The last couple of days has seen a bit of discussion in the blogosphere about Software as a Service (SaaS) and the where it is going in terms of adoption. This post summarises some of the discussion and makes a number of points. Wikipedia has an entry for SaaS.
Applying SaaS to elearning in universities might bring you the ASP based idea for course management systems. That is, Blackboard sets up servers that host courses for universities that pay for that service. elgg spaces is based on this idea – but supports software much more appropriate for education.
This model, however, is still based on the “one ring to rule them all” model. A single piece of software. I’m more interested in an approach that is more a best of breed, Web 2.0 concept, i.e. “Web 2.0 course sites”.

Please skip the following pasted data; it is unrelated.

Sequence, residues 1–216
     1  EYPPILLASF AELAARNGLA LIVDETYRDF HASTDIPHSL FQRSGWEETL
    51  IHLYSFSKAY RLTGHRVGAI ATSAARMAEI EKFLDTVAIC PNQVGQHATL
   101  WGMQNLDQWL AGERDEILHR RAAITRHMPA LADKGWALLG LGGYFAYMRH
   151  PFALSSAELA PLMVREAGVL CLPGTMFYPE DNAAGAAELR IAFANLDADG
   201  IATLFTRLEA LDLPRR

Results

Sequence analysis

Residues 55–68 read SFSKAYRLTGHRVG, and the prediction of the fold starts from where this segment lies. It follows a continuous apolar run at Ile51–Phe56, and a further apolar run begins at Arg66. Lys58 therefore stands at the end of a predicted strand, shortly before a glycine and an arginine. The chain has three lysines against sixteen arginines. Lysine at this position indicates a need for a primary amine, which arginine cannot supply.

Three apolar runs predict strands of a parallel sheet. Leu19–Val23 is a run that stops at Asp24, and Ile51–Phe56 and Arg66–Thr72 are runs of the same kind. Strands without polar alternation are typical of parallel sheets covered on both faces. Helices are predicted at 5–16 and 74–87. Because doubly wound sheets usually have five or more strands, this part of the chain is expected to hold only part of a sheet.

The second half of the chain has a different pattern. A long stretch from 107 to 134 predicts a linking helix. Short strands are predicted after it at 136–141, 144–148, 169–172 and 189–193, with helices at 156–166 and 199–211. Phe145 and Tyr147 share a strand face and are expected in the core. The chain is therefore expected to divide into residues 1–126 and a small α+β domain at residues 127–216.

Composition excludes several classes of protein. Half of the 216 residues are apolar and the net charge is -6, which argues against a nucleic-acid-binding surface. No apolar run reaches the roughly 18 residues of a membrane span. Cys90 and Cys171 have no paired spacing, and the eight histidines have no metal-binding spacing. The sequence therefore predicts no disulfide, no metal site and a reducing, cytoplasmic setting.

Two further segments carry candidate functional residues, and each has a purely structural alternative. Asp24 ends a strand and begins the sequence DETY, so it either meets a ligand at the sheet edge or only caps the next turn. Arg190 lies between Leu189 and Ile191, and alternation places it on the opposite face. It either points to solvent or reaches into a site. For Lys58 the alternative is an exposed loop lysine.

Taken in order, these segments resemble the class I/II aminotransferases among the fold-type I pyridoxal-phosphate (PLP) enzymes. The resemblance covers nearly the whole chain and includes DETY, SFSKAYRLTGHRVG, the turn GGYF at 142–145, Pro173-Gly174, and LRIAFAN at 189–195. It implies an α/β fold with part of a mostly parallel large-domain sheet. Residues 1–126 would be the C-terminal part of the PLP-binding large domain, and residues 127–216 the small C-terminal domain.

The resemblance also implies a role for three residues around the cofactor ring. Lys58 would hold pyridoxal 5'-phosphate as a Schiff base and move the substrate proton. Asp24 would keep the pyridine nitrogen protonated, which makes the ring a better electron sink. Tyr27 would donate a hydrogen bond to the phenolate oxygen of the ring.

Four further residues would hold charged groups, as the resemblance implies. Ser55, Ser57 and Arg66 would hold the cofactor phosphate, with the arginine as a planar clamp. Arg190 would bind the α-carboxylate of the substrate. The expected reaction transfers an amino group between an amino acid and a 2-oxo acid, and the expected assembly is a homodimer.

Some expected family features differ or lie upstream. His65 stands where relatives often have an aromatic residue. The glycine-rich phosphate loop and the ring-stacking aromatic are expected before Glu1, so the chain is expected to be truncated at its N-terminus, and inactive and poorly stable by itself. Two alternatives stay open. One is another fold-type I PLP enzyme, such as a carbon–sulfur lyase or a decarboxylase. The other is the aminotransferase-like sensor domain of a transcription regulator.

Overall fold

Use of RSS, open APIs etc to create a course website consisting of a combination of services provided by the various “free” online services such as Google Video, You Tube, Writely, de.lic.io.us etc.
The model is goes something like
- Glue scripts and open APIs are used to connect University infrastructure (e.g. creation of videos etc) with the services
- Other scripts create a course site that integrates the services into a single place. RSS feeds used to update the course site due to changes on the services.
- Also used to create an OMPL/RSS feed that students/staff can use to track changes